the new reduction plant have substantially greater
capacity than the older pots. In the new plant, despite
25 percent fewer pots in the production line, capacity is
13 percent greater, and energy and labor requirements
per unit of output are sharply lower.
Improvements in materials which line and insulate the
pots also are raising efficiency. Improved carbon
materials and new techniques for installing linings save
electrical energy and extend the life of the pots. Conse­
quently, labor requirements for potliners, who maintain
the linings, are cut back. Some of the new linings last
3 times longer than those used in the early 1960’s.
Power consumption also is reduced by replacing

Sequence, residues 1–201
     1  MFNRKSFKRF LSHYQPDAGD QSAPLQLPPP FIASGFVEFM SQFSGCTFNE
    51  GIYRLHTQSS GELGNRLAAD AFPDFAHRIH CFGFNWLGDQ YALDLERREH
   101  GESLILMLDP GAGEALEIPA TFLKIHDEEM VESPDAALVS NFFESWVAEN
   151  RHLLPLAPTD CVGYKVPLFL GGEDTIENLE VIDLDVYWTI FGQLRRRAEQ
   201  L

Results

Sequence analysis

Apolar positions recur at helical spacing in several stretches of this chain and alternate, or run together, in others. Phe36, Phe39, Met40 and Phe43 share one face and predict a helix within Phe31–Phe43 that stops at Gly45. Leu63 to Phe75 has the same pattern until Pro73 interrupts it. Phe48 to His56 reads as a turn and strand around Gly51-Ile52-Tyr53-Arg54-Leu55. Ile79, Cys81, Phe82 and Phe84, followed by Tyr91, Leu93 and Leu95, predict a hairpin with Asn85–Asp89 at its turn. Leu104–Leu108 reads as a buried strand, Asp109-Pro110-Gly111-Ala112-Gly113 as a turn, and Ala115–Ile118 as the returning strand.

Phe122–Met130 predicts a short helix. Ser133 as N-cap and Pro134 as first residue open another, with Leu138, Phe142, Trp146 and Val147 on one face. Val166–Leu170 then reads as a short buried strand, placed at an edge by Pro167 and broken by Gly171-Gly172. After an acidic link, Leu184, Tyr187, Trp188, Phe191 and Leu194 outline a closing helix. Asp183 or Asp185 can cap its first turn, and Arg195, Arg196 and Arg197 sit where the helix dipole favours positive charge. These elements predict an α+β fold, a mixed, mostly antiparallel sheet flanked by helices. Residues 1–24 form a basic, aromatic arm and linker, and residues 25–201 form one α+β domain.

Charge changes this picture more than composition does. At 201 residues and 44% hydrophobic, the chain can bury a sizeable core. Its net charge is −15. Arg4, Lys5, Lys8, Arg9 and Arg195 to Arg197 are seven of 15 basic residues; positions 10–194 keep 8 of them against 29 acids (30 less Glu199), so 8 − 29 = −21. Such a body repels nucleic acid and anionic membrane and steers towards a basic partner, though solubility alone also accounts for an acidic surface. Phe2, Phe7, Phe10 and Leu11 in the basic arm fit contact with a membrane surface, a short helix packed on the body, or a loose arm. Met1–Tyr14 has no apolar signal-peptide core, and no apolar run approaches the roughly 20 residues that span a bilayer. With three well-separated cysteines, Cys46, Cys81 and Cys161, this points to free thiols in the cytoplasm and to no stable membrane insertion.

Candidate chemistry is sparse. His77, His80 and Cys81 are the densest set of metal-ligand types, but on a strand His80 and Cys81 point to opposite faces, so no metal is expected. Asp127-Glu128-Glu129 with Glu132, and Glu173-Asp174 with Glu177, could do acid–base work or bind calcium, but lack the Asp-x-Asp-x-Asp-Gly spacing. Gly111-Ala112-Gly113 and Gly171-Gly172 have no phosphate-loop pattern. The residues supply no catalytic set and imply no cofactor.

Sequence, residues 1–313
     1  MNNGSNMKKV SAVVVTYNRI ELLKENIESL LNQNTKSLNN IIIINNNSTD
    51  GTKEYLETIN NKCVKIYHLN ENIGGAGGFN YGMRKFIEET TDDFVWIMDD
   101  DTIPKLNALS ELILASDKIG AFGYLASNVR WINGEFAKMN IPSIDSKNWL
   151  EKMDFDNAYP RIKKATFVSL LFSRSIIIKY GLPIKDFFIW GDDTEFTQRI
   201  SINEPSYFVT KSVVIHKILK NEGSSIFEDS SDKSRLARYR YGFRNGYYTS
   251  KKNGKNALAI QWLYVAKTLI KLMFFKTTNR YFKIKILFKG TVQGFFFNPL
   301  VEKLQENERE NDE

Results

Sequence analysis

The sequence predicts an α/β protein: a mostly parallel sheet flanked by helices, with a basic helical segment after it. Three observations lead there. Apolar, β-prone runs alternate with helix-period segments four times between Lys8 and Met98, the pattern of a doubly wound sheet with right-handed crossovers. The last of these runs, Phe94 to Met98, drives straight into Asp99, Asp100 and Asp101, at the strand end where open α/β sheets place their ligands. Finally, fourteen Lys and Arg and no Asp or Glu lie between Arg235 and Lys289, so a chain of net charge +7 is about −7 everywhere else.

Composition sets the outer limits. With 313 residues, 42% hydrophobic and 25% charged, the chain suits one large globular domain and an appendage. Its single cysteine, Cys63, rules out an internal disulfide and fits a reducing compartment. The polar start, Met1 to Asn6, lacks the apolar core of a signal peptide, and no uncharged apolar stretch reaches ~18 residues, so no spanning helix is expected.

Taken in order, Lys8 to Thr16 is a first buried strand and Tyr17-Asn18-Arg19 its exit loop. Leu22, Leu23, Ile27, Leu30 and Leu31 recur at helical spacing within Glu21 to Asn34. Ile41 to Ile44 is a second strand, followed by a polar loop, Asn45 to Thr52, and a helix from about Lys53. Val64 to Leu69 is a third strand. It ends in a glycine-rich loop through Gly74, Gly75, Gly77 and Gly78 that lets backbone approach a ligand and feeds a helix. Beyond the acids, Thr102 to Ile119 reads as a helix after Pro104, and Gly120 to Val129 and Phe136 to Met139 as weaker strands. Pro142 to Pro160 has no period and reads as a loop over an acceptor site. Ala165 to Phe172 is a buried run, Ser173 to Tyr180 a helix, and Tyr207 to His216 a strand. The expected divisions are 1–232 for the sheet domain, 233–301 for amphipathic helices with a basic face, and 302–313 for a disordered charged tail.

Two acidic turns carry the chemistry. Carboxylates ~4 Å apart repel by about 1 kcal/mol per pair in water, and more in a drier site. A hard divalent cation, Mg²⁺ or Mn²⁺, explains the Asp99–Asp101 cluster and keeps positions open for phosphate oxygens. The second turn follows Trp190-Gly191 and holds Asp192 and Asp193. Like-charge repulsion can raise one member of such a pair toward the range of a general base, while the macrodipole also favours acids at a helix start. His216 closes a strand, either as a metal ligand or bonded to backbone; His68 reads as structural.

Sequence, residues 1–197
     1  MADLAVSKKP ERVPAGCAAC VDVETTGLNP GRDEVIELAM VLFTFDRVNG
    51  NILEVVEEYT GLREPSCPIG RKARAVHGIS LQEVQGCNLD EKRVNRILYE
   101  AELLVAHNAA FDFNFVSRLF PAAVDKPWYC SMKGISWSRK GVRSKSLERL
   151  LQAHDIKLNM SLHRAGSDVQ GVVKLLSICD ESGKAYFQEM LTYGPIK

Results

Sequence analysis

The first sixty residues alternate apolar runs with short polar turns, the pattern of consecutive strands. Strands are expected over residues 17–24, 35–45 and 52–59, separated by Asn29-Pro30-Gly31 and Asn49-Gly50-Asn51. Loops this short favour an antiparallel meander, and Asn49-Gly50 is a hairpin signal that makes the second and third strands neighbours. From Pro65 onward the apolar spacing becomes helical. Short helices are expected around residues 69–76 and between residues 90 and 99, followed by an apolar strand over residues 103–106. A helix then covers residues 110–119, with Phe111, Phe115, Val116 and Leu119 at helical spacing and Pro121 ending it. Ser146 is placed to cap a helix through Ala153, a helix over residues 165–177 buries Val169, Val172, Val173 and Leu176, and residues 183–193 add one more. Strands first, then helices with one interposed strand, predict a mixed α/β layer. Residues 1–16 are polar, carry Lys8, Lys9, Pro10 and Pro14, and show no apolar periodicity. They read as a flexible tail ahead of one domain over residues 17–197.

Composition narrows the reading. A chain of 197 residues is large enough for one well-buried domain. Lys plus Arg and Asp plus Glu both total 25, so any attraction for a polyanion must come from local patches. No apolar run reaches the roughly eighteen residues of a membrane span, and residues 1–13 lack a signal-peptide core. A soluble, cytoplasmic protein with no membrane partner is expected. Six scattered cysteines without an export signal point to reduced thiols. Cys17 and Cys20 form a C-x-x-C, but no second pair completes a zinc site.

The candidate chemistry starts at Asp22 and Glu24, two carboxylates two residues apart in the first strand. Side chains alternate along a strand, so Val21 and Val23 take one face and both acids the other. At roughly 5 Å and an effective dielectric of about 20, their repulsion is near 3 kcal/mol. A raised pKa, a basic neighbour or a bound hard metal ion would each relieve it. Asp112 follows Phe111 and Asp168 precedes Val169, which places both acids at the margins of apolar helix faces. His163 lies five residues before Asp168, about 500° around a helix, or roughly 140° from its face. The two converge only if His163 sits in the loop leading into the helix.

mercury arc rectifiers with more efficient silicon rectifiers
to convert alternating current to direct current for the
electrolytic process. Energy savings of 3 percent have been
reported following this change. In many smelters, use of
electricity also is decreased by adding lithium compounds
to the electrolyte to increase conductivity. The consump­
tion of electrical energy is further reduced by raising the
proportion of aluminum fluoride in the electrolyte.
Computer monitoring of potlines has resulted in more
efficient use of labor and electricity. Heat generated in
the electrolyte with a given current depends on the
distance between the anode and the cathode. Closer con­
trol of this spacing by computers enables temperature in
the electrolyte to be maintained at optimum levels more
In addition, computers and microprocessors control
feeding the alumina to the cell and the frequency and
duration of the “ anode effect.’’3 The computers deal